In news- According to a new study, microplastics concentration in Ganga is higher than any other major world river. The study is based on an analysis of the stretches of the river Ganga by Delhi-based environment NGO Toxics Link.
Key findings of the study-
- It has revealed that the highest concentration of such plastic was found at Varanasi, comprising single-use and secondary plastic products.
- The water testing was carried out in collaboration with the National Institute of Oceanography (NIO) in Goa.
- The results show the presence of at least 40 different kinds of polymers as microplastics.
- The shapes and nature of the observed resins ranged from fibres to fragments, films and beads, with fragments being the predominant shape in all locations.
- Microbeads were observed in Varanasi and Kanpur, while no beads were found in Haridwar.
- The most frequent size range observed in all the samples was <300µm.
- Microplastics entered the Ganga through industrial waste or packaging of religious offerings, tanneries.
- The density of population in the three cities also added to the problem because a large chunk of pollutants got directly discharged into the river by people living on the banks.
- Varanasi showed the maximum load of microplastics in the water of the Ganga, as compared to the other two cities.
- Assi Ghat in Varanasi had the maximum abundance of microplastics.
- The Dohri ghat in Kanpur ranked top most among all 15 sites (five each from all three cities) from where the river water sample was collected.
Types of microplastics present in Ganga-
- The study also did an analysis of the types of microplastics present in the Ganga.
- Ethylene Vinyl is particularly suited for food, drugs and cosmetic packaging.
- Polyacetylene is used as a doping agent in the electronics industry.
- Polypropylene is also used in packaging, plastic sheets, fibre, fabrics, rope, etc.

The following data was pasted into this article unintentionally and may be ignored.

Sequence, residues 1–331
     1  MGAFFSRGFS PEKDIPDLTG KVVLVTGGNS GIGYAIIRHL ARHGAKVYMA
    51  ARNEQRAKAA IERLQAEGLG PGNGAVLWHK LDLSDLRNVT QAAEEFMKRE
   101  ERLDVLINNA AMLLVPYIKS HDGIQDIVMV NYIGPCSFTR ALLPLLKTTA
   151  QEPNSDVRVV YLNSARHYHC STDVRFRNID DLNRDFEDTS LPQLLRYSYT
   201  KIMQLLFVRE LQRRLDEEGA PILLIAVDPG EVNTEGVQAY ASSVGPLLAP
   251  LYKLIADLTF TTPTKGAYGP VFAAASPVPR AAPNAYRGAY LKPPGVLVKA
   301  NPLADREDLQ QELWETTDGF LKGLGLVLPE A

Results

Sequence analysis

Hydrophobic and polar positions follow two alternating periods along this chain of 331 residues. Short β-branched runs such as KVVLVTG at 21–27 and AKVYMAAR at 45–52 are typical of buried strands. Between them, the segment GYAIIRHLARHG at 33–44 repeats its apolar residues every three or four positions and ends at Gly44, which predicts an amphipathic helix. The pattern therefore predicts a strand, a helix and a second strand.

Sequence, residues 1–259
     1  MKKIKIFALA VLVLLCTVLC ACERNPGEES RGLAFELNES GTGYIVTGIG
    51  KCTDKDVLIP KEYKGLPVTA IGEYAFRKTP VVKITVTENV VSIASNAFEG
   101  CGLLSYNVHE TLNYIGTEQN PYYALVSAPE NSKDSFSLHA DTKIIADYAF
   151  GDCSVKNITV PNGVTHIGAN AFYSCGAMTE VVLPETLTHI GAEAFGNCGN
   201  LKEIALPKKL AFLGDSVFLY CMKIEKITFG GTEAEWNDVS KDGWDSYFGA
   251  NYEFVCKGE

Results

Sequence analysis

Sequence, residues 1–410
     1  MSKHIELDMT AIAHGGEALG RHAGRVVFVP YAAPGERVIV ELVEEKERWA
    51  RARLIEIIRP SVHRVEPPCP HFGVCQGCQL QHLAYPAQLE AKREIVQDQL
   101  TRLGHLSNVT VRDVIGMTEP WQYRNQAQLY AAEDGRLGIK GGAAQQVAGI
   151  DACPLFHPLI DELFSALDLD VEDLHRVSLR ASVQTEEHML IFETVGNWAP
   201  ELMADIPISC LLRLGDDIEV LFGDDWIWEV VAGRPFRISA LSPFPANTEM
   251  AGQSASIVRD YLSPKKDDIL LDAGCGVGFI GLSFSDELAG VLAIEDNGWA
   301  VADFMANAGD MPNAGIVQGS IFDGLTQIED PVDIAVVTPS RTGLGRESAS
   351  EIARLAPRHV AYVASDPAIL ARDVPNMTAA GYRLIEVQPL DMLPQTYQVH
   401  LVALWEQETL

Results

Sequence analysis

- PIP is mainly used in footwear and baby bottles.
- Polyamide, commonly known as nylon, is used as a natural fibre and as metal wires in clothing and industry.
- All these and 36 other types were found in the samples.
Study recommended the strengthening of implementation of Extended Producer Responsibility (EPR) in Plastic Waste Management Rules since a lot of pollution in the Ganga was due to industrial waste.
What are microplastics?
- Microplastics are plastics that are synthetic solid particles sized ranging 1 micrometre (μm) to 5 millimetre (mm), which are insoluble in water.
- Microbeads are tiny pieces of polyethylene plastic added to health and beauty products, such as some cleansers and toothpastes.
- Untreated sewage from many cities along the river’s course, industrial waste and religious offerings wrapped in non-degradable plastics pile pollutants into the river.
- The plastic products and waste materials released or dumped in the river break down and are eventually broken down into microparticles.
- Previous studies say that over 663 marine species are affected adversely due to marine debris and 11% of them are said to be related to microplastic ingestion alone.
- Not only are these microplastics toxic themselves, they also have a tendency to absorb various toxins present in water, including harmful chemicals.
The National Institute of Oceanography (NIO)
- NIO has its headquarters at Dona Paula, Goa, and regional centres at Kochi, Mumbai and Visakhapatnam.
- It is one of the 37 constituent laboratories of the Council of Scientific & Industrial Research (CSIR), New Delhi.
- CSIR-NIO was established on 1 January 1966 following the International Indian Ocean Expedition (IIOE) in the 1960s.
- The principal focus of research has been on observing and understanding special oceanographic characteristics of the Indian Ocean.